UPDATE 1-Oil trades sideways on fears of slower demand, supply uncertainty

| Fri, 24 Jun 2022 03:17:39 GMT

(Updates prices, adds comments)

By Jeslyn Lerh and Laura Sanicola

SINGAPORE, June 24 (Reuters) – Oil prices traded sideways on Friday after briefly rising nearly $1 per barrel, as the market balanced fears of slower demand from cooling U.S. economic activity with supply uncertainty.

Brent crude futures were trading down 5 cents, or 0.1%, at $110.00 a barrel by 0310 GMT, while U.S. West Texas Intermediate (WTI) crude futures were up 19 cents, or 0.2%, at $104.46 a barrel. Prices fell around 1.5% in the previous session.

Crude futures slipped back into sell mode after U.S. manufacturing and services PMIs came in well below expectations, along with a downswing in Germany’s manufacturing data, said Stephen Innes, managing partner at SPI Asset Management.

“Under these conditions, higher crude oil prices will become super sensitive to any perceived or otherwise increased supply inputs,” Innes said, noting signs of Russian crude hitting the oil complex and mounting pressure on OPEC to boost output.

OPEC and allied producing countries including Russia will likely stick to a plan for accelerated output increases in August in hopes of easing crude prices and inflation as U.S. President Joe Biden plans to visit Saudi Arabia, sources said.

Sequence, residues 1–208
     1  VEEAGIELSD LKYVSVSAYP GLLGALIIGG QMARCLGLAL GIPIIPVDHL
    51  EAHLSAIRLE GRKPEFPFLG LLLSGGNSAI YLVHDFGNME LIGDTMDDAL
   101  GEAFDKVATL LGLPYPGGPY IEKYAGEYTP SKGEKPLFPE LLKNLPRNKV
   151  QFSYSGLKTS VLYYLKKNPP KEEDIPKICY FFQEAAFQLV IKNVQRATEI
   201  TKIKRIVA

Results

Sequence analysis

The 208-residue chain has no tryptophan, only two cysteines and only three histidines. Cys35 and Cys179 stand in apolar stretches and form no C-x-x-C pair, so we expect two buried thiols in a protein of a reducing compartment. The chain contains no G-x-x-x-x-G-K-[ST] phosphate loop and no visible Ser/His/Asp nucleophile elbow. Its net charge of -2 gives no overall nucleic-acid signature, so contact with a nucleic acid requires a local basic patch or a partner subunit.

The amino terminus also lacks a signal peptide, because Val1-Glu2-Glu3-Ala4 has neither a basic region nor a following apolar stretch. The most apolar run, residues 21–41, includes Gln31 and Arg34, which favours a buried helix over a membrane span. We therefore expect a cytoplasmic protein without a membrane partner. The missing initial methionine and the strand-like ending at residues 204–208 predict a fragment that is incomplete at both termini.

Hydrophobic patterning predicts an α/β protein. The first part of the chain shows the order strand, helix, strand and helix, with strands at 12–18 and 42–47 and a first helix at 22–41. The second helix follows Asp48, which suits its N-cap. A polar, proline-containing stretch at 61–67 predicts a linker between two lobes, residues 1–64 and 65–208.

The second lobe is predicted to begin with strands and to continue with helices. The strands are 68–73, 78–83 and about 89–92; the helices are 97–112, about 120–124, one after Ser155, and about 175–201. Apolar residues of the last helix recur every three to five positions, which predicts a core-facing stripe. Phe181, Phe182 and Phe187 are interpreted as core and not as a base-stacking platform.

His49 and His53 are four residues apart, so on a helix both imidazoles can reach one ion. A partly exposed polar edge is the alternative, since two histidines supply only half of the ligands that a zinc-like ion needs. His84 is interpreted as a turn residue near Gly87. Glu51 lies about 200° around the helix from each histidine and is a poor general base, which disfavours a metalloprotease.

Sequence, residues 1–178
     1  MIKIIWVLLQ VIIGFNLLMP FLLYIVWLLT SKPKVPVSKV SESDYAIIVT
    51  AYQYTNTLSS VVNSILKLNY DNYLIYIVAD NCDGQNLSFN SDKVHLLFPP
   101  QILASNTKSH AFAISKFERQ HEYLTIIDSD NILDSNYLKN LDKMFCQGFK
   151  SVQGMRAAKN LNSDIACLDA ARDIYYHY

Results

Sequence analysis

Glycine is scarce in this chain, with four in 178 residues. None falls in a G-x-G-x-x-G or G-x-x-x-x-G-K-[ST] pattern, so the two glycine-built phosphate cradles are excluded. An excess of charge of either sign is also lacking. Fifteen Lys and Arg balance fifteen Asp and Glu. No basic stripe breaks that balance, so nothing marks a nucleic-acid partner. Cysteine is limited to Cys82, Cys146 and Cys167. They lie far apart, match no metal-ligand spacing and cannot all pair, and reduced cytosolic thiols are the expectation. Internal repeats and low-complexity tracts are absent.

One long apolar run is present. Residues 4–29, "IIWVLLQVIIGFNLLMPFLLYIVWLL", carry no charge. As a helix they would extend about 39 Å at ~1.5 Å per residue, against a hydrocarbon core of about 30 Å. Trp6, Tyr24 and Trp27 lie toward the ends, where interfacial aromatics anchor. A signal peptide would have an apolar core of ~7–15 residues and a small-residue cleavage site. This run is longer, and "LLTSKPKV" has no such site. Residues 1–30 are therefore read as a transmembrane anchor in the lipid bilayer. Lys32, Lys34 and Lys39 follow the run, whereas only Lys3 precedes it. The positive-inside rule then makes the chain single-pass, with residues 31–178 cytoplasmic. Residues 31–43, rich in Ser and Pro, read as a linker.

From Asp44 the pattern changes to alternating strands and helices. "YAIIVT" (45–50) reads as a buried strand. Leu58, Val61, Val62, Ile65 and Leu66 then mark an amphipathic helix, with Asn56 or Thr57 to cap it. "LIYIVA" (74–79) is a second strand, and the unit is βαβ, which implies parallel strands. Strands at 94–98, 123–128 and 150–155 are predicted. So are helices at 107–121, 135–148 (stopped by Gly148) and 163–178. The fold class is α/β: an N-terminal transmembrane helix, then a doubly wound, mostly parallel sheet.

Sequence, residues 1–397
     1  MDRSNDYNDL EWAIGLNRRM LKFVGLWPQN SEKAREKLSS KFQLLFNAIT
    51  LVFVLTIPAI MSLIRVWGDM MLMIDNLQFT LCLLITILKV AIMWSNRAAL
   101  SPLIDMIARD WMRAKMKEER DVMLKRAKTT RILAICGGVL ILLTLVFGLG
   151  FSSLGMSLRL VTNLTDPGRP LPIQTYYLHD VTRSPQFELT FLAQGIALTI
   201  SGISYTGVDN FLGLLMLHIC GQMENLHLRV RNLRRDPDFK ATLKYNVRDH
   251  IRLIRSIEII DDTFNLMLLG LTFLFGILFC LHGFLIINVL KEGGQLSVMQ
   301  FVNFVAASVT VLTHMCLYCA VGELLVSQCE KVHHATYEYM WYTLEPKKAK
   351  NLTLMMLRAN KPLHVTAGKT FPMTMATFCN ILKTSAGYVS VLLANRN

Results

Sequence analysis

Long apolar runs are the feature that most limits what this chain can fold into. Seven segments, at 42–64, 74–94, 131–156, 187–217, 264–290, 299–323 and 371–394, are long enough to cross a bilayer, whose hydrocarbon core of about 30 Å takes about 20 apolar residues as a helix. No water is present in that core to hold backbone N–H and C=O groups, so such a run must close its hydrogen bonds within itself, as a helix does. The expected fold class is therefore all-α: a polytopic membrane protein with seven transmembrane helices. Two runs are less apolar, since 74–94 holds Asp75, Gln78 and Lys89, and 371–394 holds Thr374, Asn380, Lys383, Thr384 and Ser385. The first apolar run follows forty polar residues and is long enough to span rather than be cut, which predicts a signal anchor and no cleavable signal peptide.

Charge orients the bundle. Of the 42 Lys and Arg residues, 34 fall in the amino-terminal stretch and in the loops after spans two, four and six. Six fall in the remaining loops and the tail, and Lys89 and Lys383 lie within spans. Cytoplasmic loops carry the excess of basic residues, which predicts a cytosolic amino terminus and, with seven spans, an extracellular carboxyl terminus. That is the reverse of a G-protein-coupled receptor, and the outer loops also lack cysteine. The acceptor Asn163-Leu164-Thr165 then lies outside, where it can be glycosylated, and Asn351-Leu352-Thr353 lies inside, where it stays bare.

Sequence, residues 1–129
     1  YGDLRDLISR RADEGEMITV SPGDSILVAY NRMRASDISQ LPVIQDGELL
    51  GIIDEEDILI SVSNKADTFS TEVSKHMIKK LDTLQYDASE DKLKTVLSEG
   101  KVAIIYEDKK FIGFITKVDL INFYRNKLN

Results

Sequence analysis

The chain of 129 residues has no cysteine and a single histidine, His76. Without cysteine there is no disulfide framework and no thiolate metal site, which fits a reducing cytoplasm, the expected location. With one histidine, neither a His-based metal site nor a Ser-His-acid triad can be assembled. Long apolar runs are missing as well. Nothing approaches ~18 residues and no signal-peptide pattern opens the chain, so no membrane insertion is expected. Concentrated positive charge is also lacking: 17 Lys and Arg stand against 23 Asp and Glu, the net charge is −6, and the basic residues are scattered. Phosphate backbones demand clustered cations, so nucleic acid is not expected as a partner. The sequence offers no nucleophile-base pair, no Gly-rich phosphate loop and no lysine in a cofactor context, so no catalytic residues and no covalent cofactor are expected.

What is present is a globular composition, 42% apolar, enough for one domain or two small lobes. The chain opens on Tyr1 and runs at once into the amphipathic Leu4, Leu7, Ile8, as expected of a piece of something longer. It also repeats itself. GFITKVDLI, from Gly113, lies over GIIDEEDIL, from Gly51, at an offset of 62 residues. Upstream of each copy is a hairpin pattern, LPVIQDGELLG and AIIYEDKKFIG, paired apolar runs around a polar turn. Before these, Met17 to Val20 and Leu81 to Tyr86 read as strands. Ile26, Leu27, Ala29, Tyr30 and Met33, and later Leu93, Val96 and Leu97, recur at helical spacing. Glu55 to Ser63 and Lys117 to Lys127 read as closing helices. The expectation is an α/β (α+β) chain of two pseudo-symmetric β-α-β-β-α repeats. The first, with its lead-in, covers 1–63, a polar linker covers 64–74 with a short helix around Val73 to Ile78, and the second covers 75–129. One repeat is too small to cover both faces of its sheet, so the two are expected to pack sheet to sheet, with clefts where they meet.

The group known as OPEC+ agreed at its last meeting on June 2 to boost output by 648,000 barrels a day in July, or 7% of global demand, and by the same amount in August, up from the initial plan to add 432,000 barrels per day a month over three months until September.

However, the group has struggled to hit the monthly increase targets due to underinvestment in oilfields by some OPEC members and, more recently, losses in Russian output.

Official weekly estimates for U.S. oil inventories were scheduled to be released on Thursday but technical problems will delay those figures until next week, the U.S. Energy Information Administration said, without giving a specific timeline. (Reporting by Jeslyn Lerh in Singapore and Laura Sanicola in Washington; Editing by Leslie Adler and Richard Pullin)

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